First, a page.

This principle, however frivolous it may appear, seems to have been the origin of all religious wars and divisions. But as this principle is universal in human nature, its effects would not have been confined to one age, and to one sect of religion, did it not there concur with other more accidental causes, which raise it to such a height, as to produce the greatest misery and devastation. Most religions of the ancient world arose in the unknown ages of government, when men were as yet barbarous and uninstructed, and the prince, as well as peasant, was disposed to receive, with implicit faith, every pious tale or fiction, which was offered him. The magistrate embraced the religion of the people, and entering cordially into the care of sacred matters, naturally acquired an authority in them, and united the ecclesiastical with the civil power. But the Christian religion arising, while principles directly opposite to it were firmly established in the polite part of the world, who despised the nation that first broached this novelty; no wonder, that, in such circumstances, it was but little countenanced by the civil magistrate, and that the priesthood was allowed to engross all the authority in the new sect. So bad a use did they make of this power, even in those early times, that the primitive persecutions may, perhaps, in part3, be ascribed to the violence instilled by them into their followers. And the same principles of priestly government continuing, after Christianity became the established religion, they have engendered a spirit of persecution, which has ever since been the poison of human society, and the source of the most inveterate factions in every government. Such divisions, therefore, on the part of the people, may justly be esteemed factions of principle; but, on the part of the priests, who are the prime movers, they are really factions of interest.
There is another cause (beside the authority of the priests, and the separation of the ecclesiastical and civil powers) which has contributed to render Christendom the scene of religious wars and divisions. Religions, that arise in ages totally ignorant and barbarous, consist mostly of traditional tales and fictions, which may be different in every sect, without being contrary to each other; and even when they are contrary, every one adheres to the tradition of his own sect, without much reasoning or disputation. But as philosophy was widely spread over the world, at the time when Christianity arose, the teachers of the new sect were obliged to form a system of speculative opinions; to divide, with some accuracy, their articles of faith; and to explain, comment, confute, and defend with all the subtilty of argument and science. Hence naturally arose keenness in dispute, when the Christian religion came to be split into new divisions and heresies: And this keenness assisted the priests in their policy, of begetting a mutual hatred and antipathy among their deluded followers. Sects of philosophy, in the ancient world, were more zealous than parties of religion; but in modern times, parties of religion are more furious and enraged than the most cruel factions that ever arose from interest and ambition.
I have mentioned parties from affection as a kind of real parties, beside those from interest and principle. By parties from affection, I understand those which are founded on the different attachments of men towards particular families and persons, whom they desire to rule over them. These factions are often very violent; though, I must own, it may seem unaccountable, that men should attach themselves so strongly to persons, with whom they are no wise acquainted, whom perhaps they never saw, and from whom they never received, nor can ever hope for any favour. Yet this we often find to be the case, and even with men, who, on other occasions, discover no great generosity of spirit, nor are found to be easily transported by friendship beyond their own interest. We are apt to think the relation between us and our sovereign very close and intimate. The splendour of majesty and power bestows an importance on the fortunes even of a single person. And when a man's good-nature does not give him this imaginary interest, his ill-nature will, from spite and opposition to persons whose sentiments are different from his own.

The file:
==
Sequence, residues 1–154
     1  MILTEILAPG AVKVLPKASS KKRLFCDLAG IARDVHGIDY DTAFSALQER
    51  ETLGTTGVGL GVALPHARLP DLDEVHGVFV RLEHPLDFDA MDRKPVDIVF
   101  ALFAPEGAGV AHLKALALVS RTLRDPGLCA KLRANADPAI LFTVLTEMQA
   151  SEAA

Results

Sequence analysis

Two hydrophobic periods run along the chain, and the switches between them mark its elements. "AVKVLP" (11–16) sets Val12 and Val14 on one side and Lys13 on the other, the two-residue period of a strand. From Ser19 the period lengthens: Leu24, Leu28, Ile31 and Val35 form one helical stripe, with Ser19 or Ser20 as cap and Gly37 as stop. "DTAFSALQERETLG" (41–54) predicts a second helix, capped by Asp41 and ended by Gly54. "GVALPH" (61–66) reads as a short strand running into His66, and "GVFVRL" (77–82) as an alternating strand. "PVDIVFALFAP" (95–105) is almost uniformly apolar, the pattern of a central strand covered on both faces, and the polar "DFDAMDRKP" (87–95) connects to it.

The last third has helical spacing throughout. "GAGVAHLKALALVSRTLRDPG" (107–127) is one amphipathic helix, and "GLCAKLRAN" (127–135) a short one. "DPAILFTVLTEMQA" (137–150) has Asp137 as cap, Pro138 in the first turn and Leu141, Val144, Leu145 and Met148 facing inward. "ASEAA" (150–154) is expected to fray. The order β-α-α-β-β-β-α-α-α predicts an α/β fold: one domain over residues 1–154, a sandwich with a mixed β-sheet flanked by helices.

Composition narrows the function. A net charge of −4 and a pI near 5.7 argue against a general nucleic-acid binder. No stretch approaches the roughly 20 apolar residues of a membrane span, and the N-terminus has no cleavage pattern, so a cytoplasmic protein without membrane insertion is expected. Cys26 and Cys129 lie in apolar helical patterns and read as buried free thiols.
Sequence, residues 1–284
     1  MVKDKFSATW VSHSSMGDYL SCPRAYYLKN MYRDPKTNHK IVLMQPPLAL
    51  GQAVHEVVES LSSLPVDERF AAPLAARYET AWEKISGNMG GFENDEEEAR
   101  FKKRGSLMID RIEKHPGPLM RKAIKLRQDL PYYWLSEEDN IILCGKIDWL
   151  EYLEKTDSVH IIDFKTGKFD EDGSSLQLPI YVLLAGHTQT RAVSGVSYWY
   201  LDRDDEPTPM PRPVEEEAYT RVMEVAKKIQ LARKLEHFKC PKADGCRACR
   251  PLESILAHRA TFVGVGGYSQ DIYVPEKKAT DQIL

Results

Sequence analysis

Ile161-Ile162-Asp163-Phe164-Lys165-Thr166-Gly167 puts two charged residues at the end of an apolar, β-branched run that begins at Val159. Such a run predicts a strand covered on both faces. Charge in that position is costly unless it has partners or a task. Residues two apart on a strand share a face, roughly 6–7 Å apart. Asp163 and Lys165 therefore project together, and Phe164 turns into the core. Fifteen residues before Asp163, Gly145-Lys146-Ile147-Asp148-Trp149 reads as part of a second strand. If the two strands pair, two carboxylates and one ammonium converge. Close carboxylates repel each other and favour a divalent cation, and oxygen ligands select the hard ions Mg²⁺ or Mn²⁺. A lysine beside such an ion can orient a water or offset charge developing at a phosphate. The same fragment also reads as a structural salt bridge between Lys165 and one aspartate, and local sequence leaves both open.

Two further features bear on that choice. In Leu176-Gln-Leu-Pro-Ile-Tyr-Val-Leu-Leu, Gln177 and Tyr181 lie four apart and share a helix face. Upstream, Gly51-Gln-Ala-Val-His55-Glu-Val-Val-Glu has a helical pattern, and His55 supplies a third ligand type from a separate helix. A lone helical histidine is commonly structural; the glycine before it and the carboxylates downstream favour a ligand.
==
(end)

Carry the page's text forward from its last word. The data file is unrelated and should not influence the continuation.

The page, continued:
- As this fact has not been much observed by antiquaries or politicians, I shall deliver it in the words of the Roman historian. Populus Tusculanus cum conjugibus ac liberis Romam venit: Ea multitudo, veste mutata, & specie reorum tribus circuit, genibus se omnium advolvens. Plus itaque misericordia ad pœnæ veniam impetrandam, quam causa ad crimen purgandum valuit. Tribus omnes præter Polliam, antiquarunt legem. Polliæ sententia fuit, puberes verberatos necari, liberos conjugesque sub corona lege belli venire: Memoriamque ejus iræ Tusculanis in pœnæ tam atrocis auctores mansisse ad patris ætatem constat; nec quemquam fere ex Pollia tribu candidatum Papiram ferre solitam, T. Livii, lib. 8. The Castelani and Nicolloti are two mobbish factions in Venice, who frequently box together, and then lay aside their quarrels presently.
- Lewis XII.
- See NOTE [C].
I say, in part; For it is a vulgar error to imagine, that the ancients were as great friends to toleration as the English or Dutch are at present. The laws against external superstition, amongst the Romans, were as anciente as the time of the twelve tables; and the Jews as well as Christians were sometimes punished by them; though, in general, these laws were not rigorously executed. Immediately after the conquest of Gaul, they forbad all but the natives to be initiated into the religion of the Druids; and this was a kind of persecution. In about a century after this conquest, the emperor, Claudius, quite abolished that superstition by penal laws; which would have been a very grievous persecution, if the imitation of the Roman manners had not, before-hand, weaned the Gauls from their ancient prejudices. Suetonius in vita Claudii. Pliny ascribes the abolition of the Druidical superstitions to Tiberius, probably because that emperor had taken some steps towards restraining them (lib. xxx. cap. i.). This is an instance of the usual caution and moderation of the Romans in such cases; and very different from their violent and sanguinary method of treating the Christians. Hence we may entertain a suspicion, that those furious persecutions of Christianity were in some measure owing to the imprudent zeal and bigotry of the first propagators of that sect; and Ecclesiastical history affords us many reasons to confirm this suspicion.